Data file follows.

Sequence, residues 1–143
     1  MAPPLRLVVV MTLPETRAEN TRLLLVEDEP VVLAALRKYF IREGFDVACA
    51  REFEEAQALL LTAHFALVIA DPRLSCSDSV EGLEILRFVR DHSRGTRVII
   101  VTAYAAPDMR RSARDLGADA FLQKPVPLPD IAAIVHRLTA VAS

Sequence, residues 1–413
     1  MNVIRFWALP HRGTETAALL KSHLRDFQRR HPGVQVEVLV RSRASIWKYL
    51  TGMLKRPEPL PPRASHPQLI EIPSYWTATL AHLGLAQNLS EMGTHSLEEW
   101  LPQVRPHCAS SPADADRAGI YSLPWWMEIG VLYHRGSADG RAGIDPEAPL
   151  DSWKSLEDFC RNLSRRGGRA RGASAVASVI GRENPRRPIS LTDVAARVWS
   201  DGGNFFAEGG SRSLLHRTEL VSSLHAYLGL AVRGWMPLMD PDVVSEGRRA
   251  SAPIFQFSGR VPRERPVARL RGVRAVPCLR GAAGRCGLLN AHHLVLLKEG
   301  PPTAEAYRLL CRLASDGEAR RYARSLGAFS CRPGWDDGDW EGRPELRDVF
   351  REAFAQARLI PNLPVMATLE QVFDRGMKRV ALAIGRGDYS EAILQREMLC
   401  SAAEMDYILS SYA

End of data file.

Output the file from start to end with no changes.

Sequence, residues 1–143
     1  MAPPLRLVVV MTLPETRAEN TRLLLVEDEP VVLAALRKYF IREGFDVACA
    51  REFEEAQALL LTAHFALVIA DPRLSCSDSV EGLEILRFVR DHSRGTRVII
   101  VTAYAAPDMR RSARDLGADA FLQKPVPLPD IAAIVHRLTA VAS

Sequence, residues 1–413
     1  MNVIRFWALP HRGTETAALL KSHLRDFQRR HPGVQVEVLV RSRASIWKYL
    51  TGMLKRPEPL PPRASHPQLI EIPSYWTATL AHLGLAQNLS EMGTHSLEEW
   101  LPQVRPHCAS SPADADRAGI YSLPWWMEIG VLYHRGSADG RAGIDPEAPL
   151  DSWKSLEDFC RNLSRRGGRA RGASAVASVI GRENPRRPIS LTDVAARVWS
   201  DGGNFFAEGG SRSLLHRTEL VSSLHAYLGL AVRGWMPLMD PDVVSEGRRA
   251  SAPIFQFSGR VPRERPVARL RGVRAVPCLR GAAGRCGLLN AHHLVLLKEG
   301  PPTAEAYRLL CRLASDGEAR RYARSLGAFS CRPGWDDGDW EGRPELRDVF
   351  REAFAQARLI PNLPVMATLE QVFDRGMKRV ALAIGRGDYS EAILQREMLC
   401  SAAEMDYILS SYA